Thursday, April 5, 2018


Words-words are a big thing in the Cullum family. Our son JD collected words the way kids collect marbles so we bought him this huge 1934 dictionary, and new dictionaries every few years.

In the latest Oxford Dictionary, the latest new word --"MANSPLAINING" -- expresses how a man explains something to someone, typically a woman, in a manner regarded as condescending or patronizing.

I certainly have had things mansplained to me, like how to charge a tire. It was helpful to have specifics and warnings about how much strength it took to do it. Recently, furnace technicians mansplained how, why, and when our building's furnace needs to be cleaned. Maybe I'll look up how to fix the loose banister between the our 4th floor and 3rd floor, and see out if it's something I could do by myself

Fact: I sometimes mansplain things. Even so, I don't like the condescension that's evidenced by the guys who make the decisions for the latest Oxford English Dictionary. I suspect the inclusion of mansplain has something to do with the ME TOO movement that's now, constantly, telling the world how the men have abused women for years.

Glass ceiling evidence about gender equality keeps piling up. Even so, I feel gender equality distracts from racial equality and we're still miles, years, away from racial equality. And I keep feeling that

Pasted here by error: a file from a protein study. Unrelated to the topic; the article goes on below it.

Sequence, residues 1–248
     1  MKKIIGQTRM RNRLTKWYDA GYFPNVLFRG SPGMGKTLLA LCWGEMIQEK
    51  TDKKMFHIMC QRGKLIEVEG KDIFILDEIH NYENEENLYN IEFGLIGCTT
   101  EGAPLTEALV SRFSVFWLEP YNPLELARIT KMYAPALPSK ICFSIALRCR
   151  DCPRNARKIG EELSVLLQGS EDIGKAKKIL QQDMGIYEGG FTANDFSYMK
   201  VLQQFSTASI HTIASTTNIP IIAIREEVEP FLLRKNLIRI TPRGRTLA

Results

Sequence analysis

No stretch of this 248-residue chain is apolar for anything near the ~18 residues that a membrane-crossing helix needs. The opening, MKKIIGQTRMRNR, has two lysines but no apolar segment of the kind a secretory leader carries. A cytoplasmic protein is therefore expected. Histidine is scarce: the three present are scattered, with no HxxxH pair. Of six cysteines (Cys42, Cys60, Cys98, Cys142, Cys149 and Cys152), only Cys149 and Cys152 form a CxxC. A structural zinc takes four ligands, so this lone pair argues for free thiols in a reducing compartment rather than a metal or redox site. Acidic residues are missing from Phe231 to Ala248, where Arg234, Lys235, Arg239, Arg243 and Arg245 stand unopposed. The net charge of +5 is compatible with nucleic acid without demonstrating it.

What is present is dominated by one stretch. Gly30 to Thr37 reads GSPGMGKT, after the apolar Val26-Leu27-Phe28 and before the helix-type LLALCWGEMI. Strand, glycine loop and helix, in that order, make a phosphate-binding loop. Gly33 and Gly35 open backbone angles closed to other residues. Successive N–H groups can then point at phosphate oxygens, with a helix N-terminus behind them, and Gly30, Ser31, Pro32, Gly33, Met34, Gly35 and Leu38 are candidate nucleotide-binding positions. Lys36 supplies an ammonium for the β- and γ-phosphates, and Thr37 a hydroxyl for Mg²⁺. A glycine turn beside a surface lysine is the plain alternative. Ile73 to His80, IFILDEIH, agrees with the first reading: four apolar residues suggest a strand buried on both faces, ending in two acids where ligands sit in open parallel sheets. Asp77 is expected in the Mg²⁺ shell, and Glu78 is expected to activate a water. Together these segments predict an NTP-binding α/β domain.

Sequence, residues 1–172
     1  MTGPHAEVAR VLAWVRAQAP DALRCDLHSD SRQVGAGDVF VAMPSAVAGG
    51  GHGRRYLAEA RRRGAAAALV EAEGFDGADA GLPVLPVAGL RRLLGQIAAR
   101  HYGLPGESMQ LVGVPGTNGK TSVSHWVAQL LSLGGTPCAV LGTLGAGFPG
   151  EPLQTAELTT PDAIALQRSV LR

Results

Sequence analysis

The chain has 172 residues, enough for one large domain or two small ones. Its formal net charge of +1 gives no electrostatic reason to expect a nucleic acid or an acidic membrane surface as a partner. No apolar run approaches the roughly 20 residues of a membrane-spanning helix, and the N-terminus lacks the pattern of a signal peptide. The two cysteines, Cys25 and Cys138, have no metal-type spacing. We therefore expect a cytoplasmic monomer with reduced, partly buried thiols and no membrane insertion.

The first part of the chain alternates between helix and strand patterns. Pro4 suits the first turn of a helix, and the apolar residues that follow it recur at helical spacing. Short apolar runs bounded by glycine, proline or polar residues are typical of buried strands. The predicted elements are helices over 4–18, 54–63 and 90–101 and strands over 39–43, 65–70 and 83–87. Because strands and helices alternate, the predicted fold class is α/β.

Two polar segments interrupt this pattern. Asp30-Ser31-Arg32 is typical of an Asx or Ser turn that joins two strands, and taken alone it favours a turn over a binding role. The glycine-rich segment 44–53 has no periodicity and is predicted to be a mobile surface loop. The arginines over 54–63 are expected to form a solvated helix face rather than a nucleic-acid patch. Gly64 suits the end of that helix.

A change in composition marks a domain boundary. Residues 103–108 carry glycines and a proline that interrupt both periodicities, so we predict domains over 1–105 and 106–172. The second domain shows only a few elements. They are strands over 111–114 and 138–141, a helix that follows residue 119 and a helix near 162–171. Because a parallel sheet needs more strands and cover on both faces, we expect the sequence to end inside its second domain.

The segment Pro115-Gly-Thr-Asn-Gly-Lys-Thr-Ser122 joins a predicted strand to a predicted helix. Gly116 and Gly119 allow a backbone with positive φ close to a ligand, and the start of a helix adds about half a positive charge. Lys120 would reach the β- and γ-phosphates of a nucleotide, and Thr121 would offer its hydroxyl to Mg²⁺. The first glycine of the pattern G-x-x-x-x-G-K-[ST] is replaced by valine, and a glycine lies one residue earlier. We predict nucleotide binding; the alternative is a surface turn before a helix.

we gals, with our enormous focus on looks, weight, size, styles of outer and underclothing, are constantly doing things that make us much less powerful than men.

Hey, maybe there needs to be a word added for female NINNY things.

Let's make the word a teasing put down that fits various typical foolishnesses and call it .......


Hey, it's a galsplaining gender equality word!
Yay for womaninnyings and graceful galsplaining, along with mainsplaining.

Thanks Oxford guys, for inspiring Em's two new words for the next new Oxford.

Sunday, April 1, 2018


Everything--the work, the chores that the Cullums have been doing is done. There's nothing that needs to be worked on, prepared, no urgent plans, appointments, or schedule.

Emily Frankel asks her husband, John Cullum, what do you want to do?

Guess what John says...